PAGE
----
Accordingly, he went to Munich, where he spent seven years in close and faithful application. Years before he had conceived the idea of “Evangeline,” the work which made him famous. After this severe apprenticeship, he felt himself prepared to begin his great undertaking. In spite of the discouragements of friends, he began to outline his picture. For two years his studio was a closed book to all but his wife and models. As “Evangeline” slowly took form under the touch of his brush, his interest increased and he could scarcely tear himself away from his easel. Six months before the completion of the work his health gave way. But he was determined not to give up and worked on. For six weeks previous to the time when he affixed his signature to the canvas he had to be carried from bed chamber to studio. At last the moment came when he dared add no more and with the last touch his strength gave way completely.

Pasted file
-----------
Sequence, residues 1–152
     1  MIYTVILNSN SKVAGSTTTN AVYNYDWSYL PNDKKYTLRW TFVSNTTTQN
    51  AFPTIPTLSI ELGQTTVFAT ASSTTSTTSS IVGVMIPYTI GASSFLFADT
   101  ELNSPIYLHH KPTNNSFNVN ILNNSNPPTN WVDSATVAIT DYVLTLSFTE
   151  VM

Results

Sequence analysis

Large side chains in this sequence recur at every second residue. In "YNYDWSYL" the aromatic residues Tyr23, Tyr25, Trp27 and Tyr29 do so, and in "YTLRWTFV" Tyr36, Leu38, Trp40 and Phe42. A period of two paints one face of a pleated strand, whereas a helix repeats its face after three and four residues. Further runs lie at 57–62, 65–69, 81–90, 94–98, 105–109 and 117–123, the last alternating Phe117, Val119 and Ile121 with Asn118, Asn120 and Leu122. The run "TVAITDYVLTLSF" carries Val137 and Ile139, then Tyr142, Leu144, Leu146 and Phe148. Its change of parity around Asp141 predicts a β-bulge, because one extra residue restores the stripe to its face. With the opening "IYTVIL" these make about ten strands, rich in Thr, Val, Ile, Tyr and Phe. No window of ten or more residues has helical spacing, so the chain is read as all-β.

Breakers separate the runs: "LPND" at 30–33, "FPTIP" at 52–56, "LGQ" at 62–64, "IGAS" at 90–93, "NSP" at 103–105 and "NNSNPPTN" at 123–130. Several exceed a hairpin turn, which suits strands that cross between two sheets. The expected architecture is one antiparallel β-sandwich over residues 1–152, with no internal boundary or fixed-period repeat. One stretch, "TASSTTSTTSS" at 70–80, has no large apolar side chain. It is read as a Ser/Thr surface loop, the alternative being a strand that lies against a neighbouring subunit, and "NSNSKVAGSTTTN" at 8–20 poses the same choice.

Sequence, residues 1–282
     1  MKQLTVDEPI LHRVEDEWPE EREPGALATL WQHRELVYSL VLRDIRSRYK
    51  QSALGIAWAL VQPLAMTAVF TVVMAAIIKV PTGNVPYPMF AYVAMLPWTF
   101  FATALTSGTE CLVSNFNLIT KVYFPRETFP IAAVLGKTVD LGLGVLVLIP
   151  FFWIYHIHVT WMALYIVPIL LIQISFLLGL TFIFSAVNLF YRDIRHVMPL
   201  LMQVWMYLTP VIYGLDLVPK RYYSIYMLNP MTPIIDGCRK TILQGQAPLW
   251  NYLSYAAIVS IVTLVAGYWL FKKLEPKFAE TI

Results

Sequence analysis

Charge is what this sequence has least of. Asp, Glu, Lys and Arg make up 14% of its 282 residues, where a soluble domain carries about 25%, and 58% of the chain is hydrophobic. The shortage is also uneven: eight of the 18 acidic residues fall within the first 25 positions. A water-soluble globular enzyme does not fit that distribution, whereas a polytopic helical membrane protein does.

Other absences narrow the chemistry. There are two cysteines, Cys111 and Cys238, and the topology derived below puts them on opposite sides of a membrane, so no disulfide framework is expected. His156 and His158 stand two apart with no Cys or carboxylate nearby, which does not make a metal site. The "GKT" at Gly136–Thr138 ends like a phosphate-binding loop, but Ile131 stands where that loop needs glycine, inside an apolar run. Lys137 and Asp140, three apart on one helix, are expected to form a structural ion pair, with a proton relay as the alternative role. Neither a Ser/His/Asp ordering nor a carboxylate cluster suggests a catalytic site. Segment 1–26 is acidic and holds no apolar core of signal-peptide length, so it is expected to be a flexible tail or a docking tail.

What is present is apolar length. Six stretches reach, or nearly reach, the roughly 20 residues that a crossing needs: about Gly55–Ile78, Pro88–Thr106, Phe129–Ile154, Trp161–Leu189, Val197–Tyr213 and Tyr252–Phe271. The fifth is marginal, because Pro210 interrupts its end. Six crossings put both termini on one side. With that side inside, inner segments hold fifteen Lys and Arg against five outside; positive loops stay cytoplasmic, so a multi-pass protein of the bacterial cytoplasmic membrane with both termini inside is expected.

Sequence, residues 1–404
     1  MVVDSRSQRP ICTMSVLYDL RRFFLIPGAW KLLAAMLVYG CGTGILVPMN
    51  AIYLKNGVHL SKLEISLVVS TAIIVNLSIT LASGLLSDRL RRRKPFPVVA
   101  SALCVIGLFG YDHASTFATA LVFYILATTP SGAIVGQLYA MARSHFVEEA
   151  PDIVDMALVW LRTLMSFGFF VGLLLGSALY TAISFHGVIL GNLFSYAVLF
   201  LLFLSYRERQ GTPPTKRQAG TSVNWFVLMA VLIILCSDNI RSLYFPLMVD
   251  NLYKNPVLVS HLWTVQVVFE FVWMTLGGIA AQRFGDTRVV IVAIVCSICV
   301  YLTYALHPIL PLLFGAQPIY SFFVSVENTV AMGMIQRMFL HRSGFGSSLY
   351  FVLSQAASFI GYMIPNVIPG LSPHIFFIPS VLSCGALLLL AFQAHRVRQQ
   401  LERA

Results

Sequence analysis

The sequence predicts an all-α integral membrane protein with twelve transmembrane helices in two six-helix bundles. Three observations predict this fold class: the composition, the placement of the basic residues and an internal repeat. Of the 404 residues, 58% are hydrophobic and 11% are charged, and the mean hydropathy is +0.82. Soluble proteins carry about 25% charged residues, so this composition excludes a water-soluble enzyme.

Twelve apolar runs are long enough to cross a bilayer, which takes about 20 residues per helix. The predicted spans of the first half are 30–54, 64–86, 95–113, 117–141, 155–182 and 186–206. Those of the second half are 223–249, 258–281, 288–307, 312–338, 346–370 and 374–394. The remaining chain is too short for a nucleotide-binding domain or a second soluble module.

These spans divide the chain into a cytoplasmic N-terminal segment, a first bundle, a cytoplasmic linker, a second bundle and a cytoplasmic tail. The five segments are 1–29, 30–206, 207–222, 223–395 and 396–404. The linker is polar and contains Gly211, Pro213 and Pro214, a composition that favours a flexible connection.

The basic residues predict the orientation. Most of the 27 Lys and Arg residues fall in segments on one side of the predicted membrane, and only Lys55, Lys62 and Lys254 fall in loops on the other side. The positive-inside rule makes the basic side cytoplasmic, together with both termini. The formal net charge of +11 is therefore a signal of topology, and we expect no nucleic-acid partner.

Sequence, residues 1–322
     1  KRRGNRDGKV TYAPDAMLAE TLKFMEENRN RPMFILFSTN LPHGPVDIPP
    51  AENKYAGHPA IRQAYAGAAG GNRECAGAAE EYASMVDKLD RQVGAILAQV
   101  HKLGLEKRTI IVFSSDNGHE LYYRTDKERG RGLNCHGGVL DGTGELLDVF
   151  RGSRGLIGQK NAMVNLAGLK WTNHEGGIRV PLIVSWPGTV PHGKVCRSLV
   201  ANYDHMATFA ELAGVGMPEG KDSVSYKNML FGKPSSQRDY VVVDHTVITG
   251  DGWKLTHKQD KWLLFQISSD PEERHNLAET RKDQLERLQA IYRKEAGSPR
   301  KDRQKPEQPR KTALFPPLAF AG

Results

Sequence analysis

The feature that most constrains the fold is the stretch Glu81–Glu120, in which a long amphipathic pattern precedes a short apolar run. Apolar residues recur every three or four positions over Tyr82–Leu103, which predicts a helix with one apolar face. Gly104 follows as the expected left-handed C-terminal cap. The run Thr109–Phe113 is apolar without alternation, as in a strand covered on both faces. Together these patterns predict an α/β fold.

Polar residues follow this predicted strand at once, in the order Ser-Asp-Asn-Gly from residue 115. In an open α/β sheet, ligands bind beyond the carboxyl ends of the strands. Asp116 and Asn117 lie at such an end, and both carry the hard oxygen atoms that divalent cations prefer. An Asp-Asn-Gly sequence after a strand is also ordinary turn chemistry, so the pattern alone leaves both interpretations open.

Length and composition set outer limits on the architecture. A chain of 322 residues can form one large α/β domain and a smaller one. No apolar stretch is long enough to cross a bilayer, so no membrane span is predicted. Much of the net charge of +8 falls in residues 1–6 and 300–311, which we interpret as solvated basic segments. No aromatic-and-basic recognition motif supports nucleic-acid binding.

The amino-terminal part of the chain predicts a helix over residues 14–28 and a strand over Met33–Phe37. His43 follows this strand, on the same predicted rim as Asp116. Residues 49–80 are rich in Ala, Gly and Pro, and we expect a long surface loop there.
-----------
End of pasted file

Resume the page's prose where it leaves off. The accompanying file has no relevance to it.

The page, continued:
From the moment his studio door opened to the first critic, his fame was made. The picture was placed on exhibition alone in Munich and for three months attracted universal attention. It was afterward taken to the Paris exposition, where it was sold to the Hon. Bela Hubbard, who presented it to the Detroit museum of art. It was brought to Denver [August 1892] during the Knight Templar conclave and formed part of the art exhibit in the Equitable building.